was more than one adolescent in the household, one was selected at random for
the study and the other was omitted from the study. Eligible matched pairs
(N=1,316) were randomly assigned to the treatment group or the control group.
The analytic sample included 1,135 pairs (86%) that completed one or both
follow-ups.

Families were then contacted 3 months and 12 months after the conclusion of the
program for follow-up data collection. Control group participants were
contacted during the same periods as their matched counterparts in the treatment
condition. At the 3-month and 12-month follow-up, adolescents reported if they
had ever smoked cigarettes, drank alcohol, or used smokeless tobacco.

Results:
Family Matters reduced smoking initiation rates, with 16.4% fewer initiators in
the treatment group than in the control group at the 1-year follow up (small
effect size of 0.15). The greatest impact on smoking initiation was
concentrated among non-Hispanic whites, with 25% fewer initiators in the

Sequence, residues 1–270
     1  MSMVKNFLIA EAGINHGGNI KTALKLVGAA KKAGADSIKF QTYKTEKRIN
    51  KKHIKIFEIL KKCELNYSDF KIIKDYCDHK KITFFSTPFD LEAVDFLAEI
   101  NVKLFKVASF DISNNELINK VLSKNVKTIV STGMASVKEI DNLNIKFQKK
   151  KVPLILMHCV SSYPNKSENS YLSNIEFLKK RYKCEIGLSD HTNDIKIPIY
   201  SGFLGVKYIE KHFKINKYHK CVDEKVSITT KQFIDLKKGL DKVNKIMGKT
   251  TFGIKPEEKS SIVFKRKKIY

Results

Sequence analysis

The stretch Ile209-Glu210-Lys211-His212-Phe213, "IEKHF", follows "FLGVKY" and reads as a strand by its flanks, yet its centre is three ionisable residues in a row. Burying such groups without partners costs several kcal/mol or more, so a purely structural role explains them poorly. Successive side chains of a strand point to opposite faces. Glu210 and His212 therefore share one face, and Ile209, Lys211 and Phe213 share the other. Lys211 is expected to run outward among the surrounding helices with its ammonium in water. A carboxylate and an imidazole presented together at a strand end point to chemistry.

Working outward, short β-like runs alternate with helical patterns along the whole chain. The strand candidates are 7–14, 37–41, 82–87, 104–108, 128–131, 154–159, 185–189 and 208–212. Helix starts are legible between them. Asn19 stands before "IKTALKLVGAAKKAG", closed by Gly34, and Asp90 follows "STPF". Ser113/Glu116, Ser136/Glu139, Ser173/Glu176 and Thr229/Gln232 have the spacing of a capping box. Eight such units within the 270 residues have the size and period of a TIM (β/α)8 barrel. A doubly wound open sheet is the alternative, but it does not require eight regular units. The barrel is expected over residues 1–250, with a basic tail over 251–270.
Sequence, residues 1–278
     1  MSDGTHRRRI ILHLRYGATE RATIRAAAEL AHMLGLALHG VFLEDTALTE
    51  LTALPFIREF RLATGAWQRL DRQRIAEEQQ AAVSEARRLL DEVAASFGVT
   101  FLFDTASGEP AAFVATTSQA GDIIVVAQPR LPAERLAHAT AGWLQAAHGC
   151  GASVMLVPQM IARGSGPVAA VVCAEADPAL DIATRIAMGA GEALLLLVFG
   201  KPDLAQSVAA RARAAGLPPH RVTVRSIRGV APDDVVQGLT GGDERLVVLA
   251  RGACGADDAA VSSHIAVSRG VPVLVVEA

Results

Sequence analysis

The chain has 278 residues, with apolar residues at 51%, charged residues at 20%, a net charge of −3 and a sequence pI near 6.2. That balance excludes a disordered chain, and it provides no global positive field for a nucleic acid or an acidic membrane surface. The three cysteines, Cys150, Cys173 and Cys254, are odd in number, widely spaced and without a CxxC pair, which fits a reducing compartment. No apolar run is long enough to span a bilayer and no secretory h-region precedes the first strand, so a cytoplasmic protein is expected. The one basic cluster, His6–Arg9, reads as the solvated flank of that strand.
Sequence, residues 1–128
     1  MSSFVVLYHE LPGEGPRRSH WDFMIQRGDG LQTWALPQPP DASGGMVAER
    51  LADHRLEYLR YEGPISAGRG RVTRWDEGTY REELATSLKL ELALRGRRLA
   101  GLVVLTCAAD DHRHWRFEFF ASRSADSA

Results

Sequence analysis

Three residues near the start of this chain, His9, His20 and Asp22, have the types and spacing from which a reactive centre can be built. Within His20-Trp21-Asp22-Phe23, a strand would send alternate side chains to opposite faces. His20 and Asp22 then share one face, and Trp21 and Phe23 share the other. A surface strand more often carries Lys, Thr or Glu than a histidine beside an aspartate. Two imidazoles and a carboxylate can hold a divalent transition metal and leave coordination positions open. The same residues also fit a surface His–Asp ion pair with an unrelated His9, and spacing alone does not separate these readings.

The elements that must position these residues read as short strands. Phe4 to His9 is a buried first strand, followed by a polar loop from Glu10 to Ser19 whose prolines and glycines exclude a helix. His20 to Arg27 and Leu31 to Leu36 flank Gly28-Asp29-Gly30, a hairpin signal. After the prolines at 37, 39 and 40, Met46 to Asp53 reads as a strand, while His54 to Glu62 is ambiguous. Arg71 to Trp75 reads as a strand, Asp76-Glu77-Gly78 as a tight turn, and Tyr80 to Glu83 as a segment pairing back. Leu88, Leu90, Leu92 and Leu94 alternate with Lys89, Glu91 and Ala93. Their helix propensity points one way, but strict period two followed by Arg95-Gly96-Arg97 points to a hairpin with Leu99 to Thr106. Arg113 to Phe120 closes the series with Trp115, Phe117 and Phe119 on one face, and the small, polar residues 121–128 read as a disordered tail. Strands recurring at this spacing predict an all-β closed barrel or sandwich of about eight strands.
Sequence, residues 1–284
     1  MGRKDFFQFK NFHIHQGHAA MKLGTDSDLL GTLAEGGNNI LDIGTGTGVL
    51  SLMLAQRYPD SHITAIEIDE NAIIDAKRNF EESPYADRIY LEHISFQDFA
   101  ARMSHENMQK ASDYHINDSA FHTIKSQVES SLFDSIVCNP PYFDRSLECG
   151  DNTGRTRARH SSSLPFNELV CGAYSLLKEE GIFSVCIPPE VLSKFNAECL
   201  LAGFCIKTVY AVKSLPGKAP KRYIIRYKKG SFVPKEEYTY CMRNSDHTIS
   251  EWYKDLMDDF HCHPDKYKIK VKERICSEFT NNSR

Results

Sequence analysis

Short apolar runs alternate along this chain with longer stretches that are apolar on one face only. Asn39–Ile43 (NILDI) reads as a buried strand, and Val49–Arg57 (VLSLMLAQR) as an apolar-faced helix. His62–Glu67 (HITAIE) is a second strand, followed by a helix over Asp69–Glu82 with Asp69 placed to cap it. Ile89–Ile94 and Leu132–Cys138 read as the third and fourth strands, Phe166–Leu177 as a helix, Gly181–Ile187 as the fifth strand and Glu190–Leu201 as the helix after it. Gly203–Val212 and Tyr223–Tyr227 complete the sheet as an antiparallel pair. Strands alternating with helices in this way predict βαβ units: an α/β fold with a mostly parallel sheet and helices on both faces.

treatment group than in the control group at the 1-year follow up (small effect
size of 0.25). The program did not have any impact on adolescent drinking or
smokeless tobacco use at either the 3 or 12 month follow-up.

Study 2: Bauman,
K. E., Ennett, S. T., Foshee, V. A., Pemberton, M., King, T. S., & Koch, G. G.
(2002). Influence of a family program on adolescent smoking and drinking
prevalence. Prevention Science, 3(1), 35-42.

Evaluated population:
This study is an extension of the study
described in Study 2. However, the sample includes adolescents who were smoking
Thus, 1316 adolescents participated in this study.

Approach:
The approaches to sample selection, treatment
assignment, and data collection are the same as described in Study 2. Drinking
and smoking status was assessed via self-report items asking how often the
adolescents had used alcohol or cigarettes in their lifetimes. The analyses
conducted in this study included adolescents who were smoking or drinking at the
time of baseline data collection and adolescents who were not.

Results:
Compared with the control group adolescents, Family Matters adolescents smoked
less often at both 3 and 12 month follow-up periods (small effect sizes .19 and
.17 respectively). Likewise, they drank less often than control group
adolescents at both follow-up periods (effect sizes .32 and .12 respectively).
Demographic characteristics did not modify program impact. The authors note that
these analyses provide stronger evidence that the program affects both smoking